As Obama plans to depart for Alaska, the first leg of his week-long, four-nation trip to Asia, U.S. and Chinese officials are still negotiating the terms of Obama’s address to Chinese youth in Shanghai, reports TIME’s Beijing Correspondent Austin Ramzy. (Stateside, White House officials have so far been vague about the arranged speaking conditions.)
Ramzy files this dispatch from China:
President Obama wants to speak directly to the Chinese people during his visit to Shanghai and Beijing next week. Just how directly he will be able to communicate is unclear. Obama’s schedule calls for a town hall-style meeting in Shanghai, where he will speak with university students and answer their questions. The U.S. would like for the event to be broadcast live and carried by Chinese web portals, possibly with questions submitted online and chosen by Chinese journalism students. Chinese officials are nervous about giving anyone, especially a charismatic American president, such a direct channel to the masses. The two countries are still discussing the format of next Monday’s event, and whether it will be broadcast live and uncensored, even as Obama prepares to leave for Asia. It is the last major piece of his China visit that hasn’t been confirmed, and the talks could go down to the wire
The back and forth over Obama’s town hall plans follows a longstanding pattern of visits by American leaders to China. Presidents as far back as Ronald Reagan have asked to speak directly to the Chinese people. Usually the government keeps a tight grip on what is disseminated to the general public. In 1984 the White House complained when state-run China Central Television (CCTV) cut portions of a speech by Reagan referring to the Soviet Union, religion and democracy. In 2004 an address by Vice President Dick Cheney was broadcast nationally, but without any advance notice, limiting the potential audience. And during Obama’s inaugural speech this year, CCTV cut away when he talked about how previous generations had faced down communism.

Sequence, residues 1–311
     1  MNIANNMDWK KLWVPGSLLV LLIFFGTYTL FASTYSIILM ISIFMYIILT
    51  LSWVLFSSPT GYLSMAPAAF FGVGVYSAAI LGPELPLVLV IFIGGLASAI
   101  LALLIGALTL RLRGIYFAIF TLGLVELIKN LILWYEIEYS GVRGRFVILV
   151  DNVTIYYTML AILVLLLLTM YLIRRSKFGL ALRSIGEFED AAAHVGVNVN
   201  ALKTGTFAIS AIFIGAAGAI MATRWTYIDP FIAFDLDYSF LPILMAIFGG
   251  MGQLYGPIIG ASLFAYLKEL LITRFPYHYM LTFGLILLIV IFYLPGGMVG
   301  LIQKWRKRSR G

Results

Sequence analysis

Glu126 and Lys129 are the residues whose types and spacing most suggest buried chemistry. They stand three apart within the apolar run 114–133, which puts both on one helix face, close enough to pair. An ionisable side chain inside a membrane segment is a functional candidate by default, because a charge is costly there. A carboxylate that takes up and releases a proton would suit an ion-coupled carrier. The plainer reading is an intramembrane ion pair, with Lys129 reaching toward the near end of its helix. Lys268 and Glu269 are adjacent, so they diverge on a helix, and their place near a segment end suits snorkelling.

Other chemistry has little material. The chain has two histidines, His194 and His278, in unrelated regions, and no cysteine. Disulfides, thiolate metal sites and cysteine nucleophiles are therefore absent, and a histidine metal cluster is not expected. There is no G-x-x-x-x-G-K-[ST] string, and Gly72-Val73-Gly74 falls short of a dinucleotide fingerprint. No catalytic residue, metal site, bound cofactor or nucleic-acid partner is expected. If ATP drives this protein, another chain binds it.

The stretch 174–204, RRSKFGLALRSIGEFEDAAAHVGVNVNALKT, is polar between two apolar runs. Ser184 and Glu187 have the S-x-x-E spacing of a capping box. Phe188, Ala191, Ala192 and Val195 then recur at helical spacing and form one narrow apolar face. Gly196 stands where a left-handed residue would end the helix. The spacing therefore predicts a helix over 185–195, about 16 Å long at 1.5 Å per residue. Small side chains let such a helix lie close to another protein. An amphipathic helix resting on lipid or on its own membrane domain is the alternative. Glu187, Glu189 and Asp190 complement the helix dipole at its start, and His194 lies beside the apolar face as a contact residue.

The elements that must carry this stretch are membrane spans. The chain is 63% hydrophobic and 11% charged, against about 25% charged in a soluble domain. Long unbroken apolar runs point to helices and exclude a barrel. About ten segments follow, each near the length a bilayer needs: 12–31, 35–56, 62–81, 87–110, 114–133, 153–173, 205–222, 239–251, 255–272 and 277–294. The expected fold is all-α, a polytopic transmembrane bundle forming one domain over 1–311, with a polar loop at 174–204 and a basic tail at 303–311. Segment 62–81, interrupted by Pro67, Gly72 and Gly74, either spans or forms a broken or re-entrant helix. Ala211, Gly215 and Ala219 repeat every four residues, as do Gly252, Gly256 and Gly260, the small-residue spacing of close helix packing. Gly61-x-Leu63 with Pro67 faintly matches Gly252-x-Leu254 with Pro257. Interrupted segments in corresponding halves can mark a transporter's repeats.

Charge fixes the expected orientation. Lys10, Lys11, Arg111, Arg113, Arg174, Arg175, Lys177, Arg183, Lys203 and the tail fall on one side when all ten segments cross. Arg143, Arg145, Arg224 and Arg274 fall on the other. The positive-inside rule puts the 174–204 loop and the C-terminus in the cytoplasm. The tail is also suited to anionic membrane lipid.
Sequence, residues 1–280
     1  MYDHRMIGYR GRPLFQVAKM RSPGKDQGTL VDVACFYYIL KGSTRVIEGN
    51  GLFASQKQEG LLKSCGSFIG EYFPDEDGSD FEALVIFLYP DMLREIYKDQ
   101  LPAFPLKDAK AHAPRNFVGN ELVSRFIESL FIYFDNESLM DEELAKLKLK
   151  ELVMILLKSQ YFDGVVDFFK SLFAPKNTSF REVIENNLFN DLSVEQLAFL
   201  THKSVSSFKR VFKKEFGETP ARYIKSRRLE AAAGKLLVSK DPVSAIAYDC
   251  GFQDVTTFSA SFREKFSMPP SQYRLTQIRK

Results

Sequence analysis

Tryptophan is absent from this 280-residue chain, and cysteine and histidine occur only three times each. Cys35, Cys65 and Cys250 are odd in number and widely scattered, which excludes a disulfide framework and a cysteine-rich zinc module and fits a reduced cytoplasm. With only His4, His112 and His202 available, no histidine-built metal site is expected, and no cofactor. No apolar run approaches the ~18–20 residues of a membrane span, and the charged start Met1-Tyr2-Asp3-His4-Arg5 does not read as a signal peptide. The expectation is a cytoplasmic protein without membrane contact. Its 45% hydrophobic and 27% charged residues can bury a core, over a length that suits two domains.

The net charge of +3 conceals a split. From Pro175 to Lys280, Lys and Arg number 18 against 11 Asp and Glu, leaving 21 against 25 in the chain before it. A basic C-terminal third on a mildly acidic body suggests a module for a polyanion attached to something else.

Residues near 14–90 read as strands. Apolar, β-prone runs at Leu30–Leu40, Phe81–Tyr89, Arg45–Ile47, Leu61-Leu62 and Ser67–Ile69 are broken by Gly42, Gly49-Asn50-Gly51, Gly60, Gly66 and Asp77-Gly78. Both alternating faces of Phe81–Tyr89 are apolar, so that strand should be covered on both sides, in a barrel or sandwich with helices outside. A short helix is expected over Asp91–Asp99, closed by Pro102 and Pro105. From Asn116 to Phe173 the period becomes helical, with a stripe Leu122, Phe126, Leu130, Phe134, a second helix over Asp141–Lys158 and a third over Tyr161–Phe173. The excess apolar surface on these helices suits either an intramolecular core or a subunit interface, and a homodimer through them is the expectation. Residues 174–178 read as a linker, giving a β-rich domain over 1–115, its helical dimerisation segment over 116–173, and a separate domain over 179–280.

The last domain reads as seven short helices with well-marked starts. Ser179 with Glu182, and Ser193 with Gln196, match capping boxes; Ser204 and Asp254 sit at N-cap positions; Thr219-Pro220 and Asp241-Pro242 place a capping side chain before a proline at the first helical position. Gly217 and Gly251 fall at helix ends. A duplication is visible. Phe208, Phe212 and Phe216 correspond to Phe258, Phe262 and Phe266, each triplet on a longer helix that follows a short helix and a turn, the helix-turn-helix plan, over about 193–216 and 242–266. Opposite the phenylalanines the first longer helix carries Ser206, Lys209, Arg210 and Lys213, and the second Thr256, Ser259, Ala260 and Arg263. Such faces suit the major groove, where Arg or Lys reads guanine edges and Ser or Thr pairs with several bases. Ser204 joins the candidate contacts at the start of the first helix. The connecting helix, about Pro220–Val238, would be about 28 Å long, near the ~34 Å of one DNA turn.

The possibilities vary widely. On his visit to Moscow this summer, Obama gave a major address to the Russian people at the New Economic School, but Russian authorities limited broadcast of the speech, privately disappointing some White House officials. By contrast, Obama’s major addresses in Ghana and Cairo were widely carried by regional media, an effect that was echoed by online outreach efforts coordinated through the White House and the State Department.
There is little doubt that both China and the United States will put on a big show of their close relationship during Obama’s visit, with lots of smiling photo ops and at least one positive joint statement. Exactly how close the relationship actually is, however, will be shown in other ways–like whether or not the Chinese authorities give Obama significant access to their nation’s airwaves.